In the spring of 1995 I went to Ballymaloe House near Cork in Ireland to do a guest chef stint at
If you want to cook this dish go and find some free-range or organically reared pork with at least 2 cm fat between skin and meat. The preferred cut is best end of the loin which you should ask your butcher to chine and skin; make sure he gives you the chopped up chine bones and the skin to make crackling. Ask him to leave approximately half the fat on the roast and half attached to the skin. The rib bones should still be attached to the joint and the roasting is done with these under the meat forming a kind of rack. Do not omit the marination; some authorities do and they are missing a vital step. The interaction between the pork, the marinade and some complex enzyme action in the cooked milk is what produces the exceptionally tender and moist result.
For the marination, season the pork and put it to marinate in the vinegar and wine for at least 2 hours, preferably more.
To roast, preheat the
After this 15 minutes the marinade should have nearly evaporated, so add
Test the joint for doneness by inserting a cooking fork for 10 seconds then withdrawing it and gingerly touching the part of the tines which were in the centre of the meat to your lips. Cooked meat is hot but not scalding (you hope). If you have any doubts, baste the meat and give another 15 minutes – nobody in their right mind likes rare pork.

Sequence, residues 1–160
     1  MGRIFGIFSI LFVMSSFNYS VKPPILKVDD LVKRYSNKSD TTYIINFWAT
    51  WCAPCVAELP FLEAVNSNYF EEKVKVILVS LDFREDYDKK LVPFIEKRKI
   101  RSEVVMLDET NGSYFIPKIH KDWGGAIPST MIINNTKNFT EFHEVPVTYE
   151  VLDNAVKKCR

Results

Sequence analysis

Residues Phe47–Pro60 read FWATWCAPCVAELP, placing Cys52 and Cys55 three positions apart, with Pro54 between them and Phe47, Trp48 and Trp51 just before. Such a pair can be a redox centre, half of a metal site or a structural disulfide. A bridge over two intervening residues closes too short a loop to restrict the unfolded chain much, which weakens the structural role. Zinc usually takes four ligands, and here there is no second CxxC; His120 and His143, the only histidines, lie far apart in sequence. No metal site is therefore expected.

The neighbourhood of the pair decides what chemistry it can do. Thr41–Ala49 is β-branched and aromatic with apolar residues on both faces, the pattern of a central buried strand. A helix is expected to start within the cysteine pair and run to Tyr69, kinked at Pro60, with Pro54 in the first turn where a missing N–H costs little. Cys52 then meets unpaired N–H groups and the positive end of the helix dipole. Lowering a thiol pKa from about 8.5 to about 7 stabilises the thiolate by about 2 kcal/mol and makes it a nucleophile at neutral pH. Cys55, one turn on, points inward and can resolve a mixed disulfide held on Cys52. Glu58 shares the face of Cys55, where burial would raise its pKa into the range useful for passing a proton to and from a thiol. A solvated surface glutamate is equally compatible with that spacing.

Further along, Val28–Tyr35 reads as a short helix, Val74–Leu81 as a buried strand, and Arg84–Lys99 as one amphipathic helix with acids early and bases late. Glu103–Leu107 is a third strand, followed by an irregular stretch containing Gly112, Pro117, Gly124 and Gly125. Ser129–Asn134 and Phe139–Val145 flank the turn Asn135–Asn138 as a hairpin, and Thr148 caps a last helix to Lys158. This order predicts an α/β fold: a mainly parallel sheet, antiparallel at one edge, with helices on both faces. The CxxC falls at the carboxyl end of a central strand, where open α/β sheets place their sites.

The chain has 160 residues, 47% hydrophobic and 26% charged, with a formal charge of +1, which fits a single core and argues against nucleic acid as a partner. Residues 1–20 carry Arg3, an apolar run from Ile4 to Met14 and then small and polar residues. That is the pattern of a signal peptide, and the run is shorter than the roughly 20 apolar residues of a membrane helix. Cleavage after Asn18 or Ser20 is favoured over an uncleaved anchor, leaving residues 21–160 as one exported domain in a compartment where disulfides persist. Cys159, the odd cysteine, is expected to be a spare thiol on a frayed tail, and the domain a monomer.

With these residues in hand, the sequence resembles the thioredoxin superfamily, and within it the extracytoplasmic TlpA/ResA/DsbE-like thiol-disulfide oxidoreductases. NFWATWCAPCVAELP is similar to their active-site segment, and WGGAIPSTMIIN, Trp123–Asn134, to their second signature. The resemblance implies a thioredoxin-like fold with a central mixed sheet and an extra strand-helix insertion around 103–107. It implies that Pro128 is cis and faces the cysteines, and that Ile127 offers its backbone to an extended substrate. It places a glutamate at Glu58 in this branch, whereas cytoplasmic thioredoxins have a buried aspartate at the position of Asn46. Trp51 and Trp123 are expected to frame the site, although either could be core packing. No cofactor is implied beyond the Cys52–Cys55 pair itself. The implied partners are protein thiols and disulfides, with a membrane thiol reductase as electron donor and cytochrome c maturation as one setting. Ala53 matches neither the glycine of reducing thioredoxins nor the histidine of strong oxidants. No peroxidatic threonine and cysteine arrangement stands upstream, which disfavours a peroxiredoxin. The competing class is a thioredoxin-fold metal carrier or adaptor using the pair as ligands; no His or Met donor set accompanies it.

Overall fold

To finish, remove the pork from the oven and take it out of the roasting dish. Rest on a serving platter in a warm place (perhaps the switched-off oven). Examine the rather unappetising mess in the roasting tray. If rather dry and brown with blobs of cooked milk, add
To carve, remove the serving plate from the heat and transfer the pork to a carving board. Pour or scrape any juices from the plate into the gravy. Cut the pork into slices between the ribs, one slice with a rib, one slice without, and arrange on the hot serving plate. Pour any juices from the chopping board into the gravy and coat the pork with it. Serve with crackling, if done, and the rest of the gravy in a sauce boat.
This joint is very good with boiled new potatoes and sautéed Swiss chard (or spinach).
© 1996 Alastair Little. All rights reserved.